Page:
Controversies: Foundations of Critical Social Analysis
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- 29 Jun 2020
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Upon completion of this subject, students will be able to:
- demonstrate an understanding of: (a) the process, value and relevance of critical social analysis; (b) a range of controversial and contested issues; (c) key concepts in critical social analysis including cultural relativism, objectivity, causation, human nature and scientific method;
- demonstrate a knowledge of, and be able to apply at a basic level, core concepts, perspectives and methodologies used in a variety of disciplines to a range of social controversies;
- display skills in evaluation, analysis, argument and written communication in their assigned work; and
- display autonomy and judgement in the planning, researching, writing and presenting of assignment tasks.
- Topics will be available to enrolled students in the subjects Learning Management System site approximately one week prior to the commencement of the teaching period.
In order to enrol in this subject, you must be accepted into one of the following degrees:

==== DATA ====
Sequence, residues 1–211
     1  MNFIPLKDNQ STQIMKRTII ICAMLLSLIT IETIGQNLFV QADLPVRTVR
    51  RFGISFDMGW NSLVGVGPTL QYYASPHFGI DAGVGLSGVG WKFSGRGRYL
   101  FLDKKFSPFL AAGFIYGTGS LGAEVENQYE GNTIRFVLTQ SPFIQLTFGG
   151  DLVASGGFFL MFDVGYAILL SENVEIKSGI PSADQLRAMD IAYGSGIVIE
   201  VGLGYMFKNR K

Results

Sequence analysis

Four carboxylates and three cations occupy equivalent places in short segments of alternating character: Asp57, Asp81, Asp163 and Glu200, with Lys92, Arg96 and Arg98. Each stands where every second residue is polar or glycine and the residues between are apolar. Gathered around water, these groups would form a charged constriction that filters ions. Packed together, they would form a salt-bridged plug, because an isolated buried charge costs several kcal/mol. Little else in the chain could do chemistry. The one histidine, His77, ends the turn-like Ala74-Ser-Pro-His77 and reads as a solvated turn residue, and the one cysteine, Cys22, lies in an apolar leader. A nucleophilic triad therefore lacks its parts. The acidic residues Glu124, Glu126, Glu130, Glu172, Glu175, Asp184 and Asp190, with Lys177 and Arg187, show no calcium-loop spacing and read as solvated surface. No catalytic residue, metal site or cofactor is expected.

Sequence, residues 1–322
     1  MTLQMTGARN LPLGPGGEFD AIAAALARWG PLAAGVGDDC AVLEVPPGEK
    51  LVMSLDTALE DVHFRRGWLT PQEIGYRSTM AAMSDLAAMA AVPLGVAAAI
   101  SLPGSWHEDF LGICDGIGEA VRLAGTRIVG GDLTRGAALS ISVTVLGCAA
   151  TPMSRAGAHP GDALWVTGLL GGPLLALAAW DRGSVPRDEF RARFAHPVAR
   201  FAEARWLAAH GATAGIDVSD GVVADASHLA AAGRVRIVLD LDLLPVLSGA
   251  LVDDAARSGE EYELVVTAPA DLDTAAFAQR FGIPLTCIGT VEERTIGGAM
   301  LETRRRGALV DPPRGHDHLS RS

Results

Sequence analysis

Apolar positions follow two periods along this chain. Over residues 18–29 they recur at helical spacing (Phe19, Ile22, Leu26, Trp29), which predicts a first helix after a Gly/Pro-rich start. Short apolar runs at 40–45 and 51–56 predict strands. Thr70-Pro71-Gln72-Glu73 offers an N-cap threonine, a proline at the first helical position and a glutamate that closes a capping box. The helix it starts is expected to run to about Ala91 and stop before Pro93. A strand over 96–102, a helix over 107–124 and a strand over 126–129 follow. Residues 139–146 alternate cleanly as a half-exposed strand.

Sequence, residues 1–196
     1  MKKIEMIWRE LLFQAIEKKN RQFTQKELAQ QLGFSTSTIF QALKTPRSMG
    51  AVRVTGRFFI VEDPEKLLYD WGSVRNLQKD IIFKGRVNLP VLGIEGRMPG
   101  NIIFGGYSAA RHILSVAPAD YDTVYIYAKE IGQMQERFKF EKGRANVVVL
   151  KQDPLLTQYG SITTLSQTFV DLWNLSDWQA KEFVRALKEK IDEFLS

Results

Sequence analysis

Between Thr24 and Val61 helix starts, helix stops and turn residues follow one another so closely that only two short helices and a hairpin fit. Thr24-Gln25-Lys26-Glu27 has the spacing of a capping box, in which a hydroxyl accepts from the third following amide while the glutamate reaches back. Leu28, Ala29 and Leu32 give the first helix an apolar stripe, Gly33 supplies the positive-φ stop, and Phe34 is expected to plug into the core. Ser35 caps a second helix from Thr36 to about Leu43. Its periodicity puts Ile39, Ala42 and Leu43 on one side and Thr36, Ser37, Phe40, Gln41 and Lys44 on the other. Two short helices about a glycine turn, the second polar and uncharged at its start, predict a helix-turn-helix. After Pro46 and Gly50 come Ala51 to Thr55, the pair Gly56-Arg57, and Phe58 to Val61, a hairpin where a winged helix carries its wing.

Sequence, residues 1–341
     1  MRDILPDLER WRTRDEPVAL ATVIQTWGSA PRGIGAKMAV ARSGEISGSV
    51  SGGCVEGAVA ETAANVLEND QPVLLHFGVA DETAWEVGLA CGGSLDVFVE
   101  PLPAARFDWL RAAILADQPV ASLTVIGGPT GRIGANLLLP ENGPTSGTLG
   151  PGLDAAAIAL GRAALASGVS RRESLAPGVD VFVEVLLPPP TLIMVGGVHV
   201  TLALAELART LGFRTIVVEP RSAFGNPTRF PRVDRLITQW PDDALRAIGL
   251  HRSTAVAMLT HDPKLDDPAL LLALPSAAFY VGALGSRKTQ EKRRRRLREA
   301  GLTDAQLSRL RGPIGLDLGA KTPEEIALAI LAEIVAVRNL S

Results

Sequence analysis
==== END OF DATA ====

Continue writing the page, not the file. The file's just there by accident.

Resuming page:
- EquipmentDetails - Headphones or speakers (required to listen to lectures and other media) Headset, including microphone (highly recommended) Webcam (may be required for participation in virtual classrooms and/or media presentations).
- SoftwareDetails - It is essential for students to have reliable internet access in order to participate in and complete your units, regardless of whether they contain an on campus attendance or intensive school component. For additional information please visit UNE Hardware Requirements: https://www.une.edu.au/current-students/support/it-services/hardware
This introductory subject examines critical social analysis in the Humanities broadly defined, how it is conducted, how it is different from scholarship in the physical sciences, and why it matters. It does so by considering a range of controversial and contested social issues (such as the 'history wars', nationalism and identity, and sexual norms and practices), and the methods used by scholars in a range of disciplines to explore these issues. Students will be introduced to selected disciplines and how they vary in terms of core concepts, perspectives, methods of analysis and argument. In considering these topics the aim is both to foster the critical engagement of students in issues of great public importance, and to encourage them to reflect upon the task of critical social analysis. A key focus in the subject will be on the development of core skills in social analysis.
Assessment 1: 1500 words. Assessment Notes: Critical Review. Relates to Learning Outcomes 1-4 Assessment 2: 500 words. Assessment Notes: Essay Plan. Relates to Learning Outcomes 2, 3, 4 Assessment 3: 2000 words. Assessment Notes: Essay. Relates to Learning Outcomes 1-4
- Assessment 1 (30%)
- Assessment 2 (20%)
- Assessment 3 (50%)
Check the learning management system (LMS) of your university for textbook details.